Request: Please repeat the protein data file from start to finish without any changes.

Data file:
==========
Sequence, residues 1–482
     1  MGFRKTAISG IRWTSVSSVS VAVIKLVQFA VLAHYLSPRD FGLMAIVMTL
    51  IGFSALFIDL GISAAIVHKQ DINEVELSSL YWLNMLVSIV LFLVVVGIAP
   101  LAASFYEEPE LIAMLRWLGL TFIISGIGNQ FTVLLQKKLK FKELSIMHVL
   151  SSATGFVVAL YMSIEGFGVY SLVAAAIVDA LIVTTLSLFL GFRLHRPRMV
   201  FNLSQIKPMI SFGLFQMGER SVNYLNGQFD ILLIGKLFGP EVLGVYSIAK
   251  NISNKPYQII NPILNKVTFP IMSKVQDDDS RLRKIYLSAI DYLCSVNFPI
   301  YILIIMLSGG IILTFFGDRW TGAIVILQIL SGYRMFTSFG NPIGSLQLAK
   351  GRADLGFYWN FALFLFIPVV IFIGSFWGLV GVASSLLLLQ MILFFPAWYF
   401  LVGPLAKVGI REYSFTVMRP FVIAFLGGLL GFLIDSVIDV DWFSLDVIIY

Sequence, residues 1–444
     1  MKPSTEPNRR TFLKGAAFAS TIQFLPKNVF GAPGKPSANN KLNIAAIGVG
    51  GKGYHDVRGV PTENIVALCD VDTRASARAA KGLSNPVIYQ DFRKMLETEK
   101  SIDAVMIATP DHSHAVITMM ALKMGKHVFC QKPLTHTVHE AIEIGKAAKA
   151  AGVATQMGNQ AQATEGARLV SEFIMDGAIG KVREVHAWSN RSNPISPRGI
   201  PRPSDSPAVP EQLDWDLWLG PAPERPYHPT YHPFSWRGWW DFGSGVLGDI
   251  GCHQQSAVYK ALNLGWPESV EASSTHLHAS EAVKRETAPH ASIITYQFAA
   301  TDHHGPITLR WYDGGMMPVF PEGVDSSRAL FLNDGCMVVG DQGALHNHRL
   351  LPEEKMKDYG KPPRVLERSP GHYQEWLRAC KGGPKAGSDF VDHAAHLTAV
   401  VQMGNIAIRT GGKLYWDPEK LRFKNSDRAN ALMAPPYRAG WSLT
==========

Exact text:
Sequence, residues 1–482
     1  MGFRKTAISG IRWTSVSSVS VAVIKLVQFA VLAHYLSPRD FGLMAIVMTL
    51  IGFSALFIDL GISAAIVHKQ DINEVELSSL YWLNMLVSIV LFLVVVGIAP
   101  LAASFYEEPE LIAMLRWLGL TFIISGIGNQ FTVLLQKKLK FKELSIMHVL
   151  SSATGFVVAL YMSIEGFGVY SLVAAAIVDA LIVTTLSLFL GFRLHRPRMV
   201  FNLSQIKPMI SFGLFQMGER SVNYLNGQFD ILLIGKLFGP EVLGVYSIAK
   251  NISNKPYQII NPILNKVTFP IMSKVQDDDS RLRKIYLSAI DYLCSVNFPI
   301  YILIIMLSGG IILTFFGDRW TGAIVILQIL SGYRMFTSFG NPIGSLQLAK
   351  GRADLGFYWN FALFLFIPVV IFIGSFWGLV GVASSLLLLQ MILFFPAWYF
   401  LVGPLAKVGI REYSFTVMRP FVIAFLGGLL GFLIDSVIDV DWFSLDVIIY

Sequence, residues 1–444
     1  MKPSTEPNRR TFLKGAAFAS TIQFLPKNVF GAPGKPSANN KLNIAAIGVG
    51  GKGYHDVRGV PTENIVALCD VDTRASARAA KGLSNPVIYQ DFRKMLETEK
   101  SIDAVMIATP DHSHAVITMM ALKMGKHVFC QKPLTHTVHE AIEIGKAAKA
   151  AGVATQMGNQ AQATEGARLV SEFIMDGAIG KVREVHAWSN RSNPISPRGI
   201  PRPSDSPAVP EQLDWDLWLG PAPERPYHPT YHPFSWRGWW DFGSGVLGDI
   251  GCHQQSAVYK ALNLGWPESV EASSTHLHAS EAVKRETAPH ASIITYQFAA
   301  TDHHGPITLR WYDGGMMPVF PEGVDSSRAL FLNDGCMVVG DQGALHNHRL
   351  LPEEKMKDYG KPPRVLERSP GHYQEWLRAC KGGPKAGSDF VDHAAHLTAV
   401  VQMGNIAIRT GGKLYWDPEK LRFKNSDRAN ALMAPPYRAG WSLT